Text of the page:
TUESDAY, Dec. 4 (HealthDay News) -- Depression and smoking appear to have a negative impact on bone accrual in adolescent girls, according to a study published online Dec. 4 in the Journal of Adolescent Health.

Abstract
Full Text (subscription or payment may be required)

Standardized Blood Culture Process Reduces Contamination

TUESDAY, Dec. 4 (HealthDay News) -- Introduction of a standardized sterile collection process for blood cultures can reduce peripheral blood culture contamination rates and hospital charges, according to research published online Dec. 3 in Pediatrics.

Abstract
Full Text (subscription or payment may be required)

Use of Clinical Decision-Support System Can Improve HIV Care

TUESDAY, Dec. 4 (HealthDay News) -- Use of a clinical decision-support system (CDSS) appears to be beneficial in HIV care, with improvements noted in CD4 cell counts and clinic follow-up, according to a study published in the Dec. 4 issue of the Annals of Internal Medicine.

Full Text (subscription or payment may be required)

Sequential CT Screening Can Identify Indolent Lung Cancers

TUESDAY, Dec. 4 (HealthDay News) -- Changes in size on sequential low-dose computed tomography (LDCT) screenings, expressed as volume doubling time (VDT), indicate that about 25 percent of progressive lung cancers are slow growing or indolent, with higher lung cancer-specific mortality for new versus slow-growing or indolent cancers, according to a study published in the Dec. 4 issue of the Annals of Internal Medicine.

Full Text (subscription or payment may be required)

High Fructose Corn Syrup Availability Linked to Diabetes

MONDAY, Dec. 3 (HealthDay News) -- Countries with a higher availability of high fructose corn syrup (HFCS) have a higher prevalence of type 2 diabetes, according to a study published online Nov. 27 in Global Public Health.

Abstract
Full Text (subscription or payment may be required)

Final Diagnostic Criteria for DSM-5 Approved by APA

MONDAY, Dec. 3 (HealthDay News) -- The final diagnostic criteria for the fifth edition of the Diagnostic and Statistical Manual of Mental Disorders (DSM-5) have been approved by the American Psychiatric Association (APA) Board of Trustees.

Press Release

United States at Tipping Point in Helping Smokers Quit

MONDAY, Dec. 3 (HealthDay News) -- The United States stands poised on the brink of implementing health insurance coverage requirements that will help smokers quit, but the federal government and many states now offer too little help, according to a report issued Dec. 3 by the American Lung Association.

More Information

Post-Injury Blood Alcohol Inversely Tied to Mortality

MONDAY, Dec. 3 (HealthDay News) -- For patients with traumatic injuries, there is an inverse dose-response association between blood alcohol concentration and in-hospital mortality, according to a study published in the December issue of Alcohol.

Abstract
Full Text (subscription or payment may be required)

Epidural Steroid Shot Has Adverse Effect on Bone Density

MONDAY, Dec. 3 (HealthDay News) -- For postmenopausal women, treatment of the pain associated with radiculopathy with epidural steroid injection (ESI) has an adverse effect on bone mineral density (BMD), according to a study published in the Dec. 1 issue of Spine.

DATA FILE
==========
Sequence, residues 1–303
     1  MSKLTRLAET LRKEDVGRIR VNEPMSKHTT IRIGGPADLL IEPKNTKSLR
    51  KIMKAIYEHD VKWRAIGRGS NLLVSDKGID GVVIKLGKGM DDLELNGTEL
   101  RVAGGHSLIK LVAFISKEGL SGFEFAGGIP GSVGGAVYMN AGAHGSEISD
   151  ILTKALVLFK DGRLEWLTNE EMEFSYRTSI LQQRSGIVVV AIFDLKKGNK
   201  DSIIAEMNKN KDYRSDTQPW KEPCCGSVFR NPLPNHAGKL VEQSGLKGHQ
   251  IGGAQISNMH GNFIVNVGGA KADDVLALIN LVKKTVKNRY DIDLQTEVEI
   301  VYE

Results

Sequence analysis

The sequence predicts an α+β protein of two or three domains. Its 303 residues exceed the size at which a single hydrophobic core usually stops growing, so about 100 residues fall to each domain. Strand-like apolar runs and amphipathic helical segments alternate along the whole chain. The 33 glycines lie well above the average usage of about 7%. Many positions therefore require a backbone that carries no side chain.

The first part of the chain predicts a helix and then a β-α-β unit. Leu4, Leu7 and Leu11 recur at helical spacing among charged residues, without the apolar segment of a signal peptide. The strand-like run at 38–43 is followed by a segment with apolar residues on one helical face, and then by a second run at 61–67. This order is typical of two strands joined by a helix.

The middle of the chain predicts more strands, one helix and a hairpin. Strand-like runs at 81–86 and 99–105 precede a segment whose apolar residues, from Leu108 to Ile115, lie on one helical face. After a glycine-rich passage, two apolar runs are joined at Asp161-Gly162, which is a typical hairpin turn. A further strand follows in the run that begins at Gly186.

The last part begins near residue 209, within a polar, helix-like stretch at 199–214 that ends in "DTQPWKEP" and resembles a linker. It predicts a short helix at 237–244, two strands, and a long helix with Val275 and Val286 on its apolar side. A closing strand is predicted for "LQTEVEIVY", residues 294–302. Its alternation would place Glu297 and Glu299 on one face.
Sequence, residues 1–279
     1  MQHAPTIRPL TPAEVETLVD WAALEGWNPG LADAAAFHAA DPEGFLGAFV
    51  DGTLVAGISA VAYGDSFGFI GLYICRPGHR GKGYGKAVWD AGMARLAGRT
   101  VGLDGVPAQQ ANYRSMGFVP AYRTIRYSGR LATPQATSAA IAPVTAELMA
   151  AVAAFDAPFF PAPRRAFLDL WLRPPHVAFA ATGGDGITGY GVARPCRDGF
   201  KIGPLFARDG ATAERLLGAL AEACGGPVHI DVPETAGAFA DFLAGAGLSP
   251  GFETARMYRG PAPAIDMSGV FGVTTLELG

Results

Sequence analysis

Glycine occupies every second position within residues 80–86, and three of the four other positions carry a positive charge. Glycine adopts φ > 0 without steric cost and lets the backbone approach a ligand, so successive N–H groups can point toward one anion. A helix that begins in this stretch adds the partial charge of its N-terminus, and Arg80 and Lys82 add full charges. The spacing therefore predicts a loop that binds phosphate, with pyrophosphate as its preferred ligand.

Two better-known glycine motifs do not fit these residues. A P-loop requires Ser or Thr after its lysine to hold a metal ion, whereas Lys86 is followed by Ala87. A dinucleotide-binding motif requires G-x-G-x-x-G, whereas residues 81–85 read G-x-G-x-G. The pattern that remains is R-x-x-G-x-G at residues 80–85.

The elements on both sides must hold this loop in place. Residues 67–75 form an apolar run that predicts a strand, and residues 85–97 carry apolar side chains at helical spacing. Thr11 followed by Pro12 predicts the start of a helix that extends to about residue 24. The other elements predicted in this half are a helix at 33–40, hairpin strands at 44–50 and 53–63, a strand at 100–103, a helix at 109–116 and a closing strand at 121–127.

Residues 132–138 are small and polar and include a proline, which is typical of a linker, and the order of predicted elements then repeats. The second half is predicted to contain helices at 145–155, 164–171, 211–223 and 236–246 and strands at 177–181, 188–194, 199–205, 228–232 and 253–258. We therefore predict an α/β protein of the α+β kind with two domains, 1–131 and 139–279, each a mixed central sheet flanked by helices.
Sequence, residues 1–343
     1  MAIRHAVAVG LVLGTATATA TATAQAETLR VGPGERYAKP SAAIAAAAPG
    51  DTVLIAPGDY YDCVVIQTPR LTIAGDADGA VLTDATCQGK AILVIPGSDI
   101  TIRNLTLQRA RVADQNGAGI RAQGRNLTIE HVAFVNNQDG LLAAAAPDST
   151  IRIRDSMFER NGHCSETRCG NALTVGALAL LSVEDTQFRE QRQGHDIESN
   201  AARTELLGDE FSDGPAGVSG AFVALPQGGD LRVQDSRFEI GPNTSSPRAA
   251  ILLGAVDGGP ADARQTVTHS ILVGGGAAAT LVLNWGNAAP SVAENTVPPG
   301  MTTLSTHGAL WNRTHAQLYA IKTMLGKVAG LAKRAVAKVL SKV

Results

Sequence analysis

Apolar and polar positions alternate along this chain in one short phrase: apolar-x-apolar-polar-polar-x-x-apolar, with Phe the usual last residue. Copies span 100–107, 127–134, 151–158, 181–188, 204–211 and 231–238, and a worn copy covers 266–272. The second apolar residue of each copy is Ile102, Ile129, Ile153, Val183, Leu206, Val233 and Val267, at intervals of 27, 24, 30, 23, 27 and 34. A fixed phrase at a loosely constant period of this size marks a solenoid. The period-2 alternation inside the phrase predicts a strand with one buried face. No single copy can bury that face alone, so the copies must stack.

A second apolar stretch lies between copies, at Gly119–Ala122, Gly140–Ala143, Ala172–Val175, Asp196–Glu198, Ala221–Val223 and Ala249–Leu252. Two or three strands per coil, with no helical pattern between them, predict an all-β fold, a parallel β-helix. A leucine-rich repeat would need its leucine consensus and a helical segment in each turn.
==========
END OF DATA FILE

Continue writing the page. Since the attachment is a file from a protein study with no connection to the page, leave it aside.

Abstract
Full Text (subscription or payment may be required)

Recent Increase in Adverse TMP-SMX Reactions in Children

MONDAY, Dec. 3 (HealthDay News) -- There has been a significant increase in adverse drug reactions (ADRs) associated with use of trimethoprim-sulfamethoxazole (TMP-SMX) for treatment of skin and soft tissue infection (SSTI) in children, according to research published online Dec. 3 in Pediatrics.

Abstract
Full Text (subscription or payment may be required)

Increasing Number of Workers in Self-Insured Health Plans

MONDAY, Dec. 3 (HealthDay News) -- There has been a recent increase in the percentage of workers in the private sector who are enrolled in self-insured health plans, in which the employer assumes the financial risk related to health insurance (unlike a fully-insured plan, where the insurance company assumes the risk), according to research published in the November issue of the Employee Benefit Research Institute's Notes.

More Information

Topical Simvastatin Accelerates Wound Healing in Diabetes

MONDAY, Dec. 3 (HealthDay News) -- Topically applied simvastatin accelerates wound healing by directly influencing lymphatics and indirectly via recruitment of macrophages, according to a study published in the December issue of The American Journal of Pathology.

Abstract
Full Text (subscription or payment may be required)

Collaborative Program Cuts Colorectal Sx Site Infections

MONDAY, Dec. 3 (HealthDay News) -- Implementation of a collaborative quality improvement program correlates with a more than 60 percent reduction in surgical site infections for patients undergoing colorectal procedures, according to a report published online Nov. 28 by the Cedars-Sinai Medical Center in Los Angeles.

Press Release

Children Undergoing More Diagnostic Imaging Procedures

MONDAY, Dec. 3 (HealthDay News) -- Children are undergoing more diagnostic imaging procedures (DIPs), with higher-radiation DIPs accounting for an increasing proportion, according to a study published online Dec. 3 in Pediatrics.

Abstract
Full Text (subscription or payment may be required)

Fetal NSAID Exposure Not Tied to Persistent Pulmonary HTN

MONDAY, Dec. 3 (HealthDay News) -- There appears to be no association between persistent pulmonary hypertension of the newborn (PPHN) and gestational exposure to nonsteroidal anti-inflammatory drugs (NSAIDs), including ibuprofen, according to a study published online Dec. 3 in Pediatrics.

Abstract
Full Text (subscription or payment may be required)

Physician's Briefing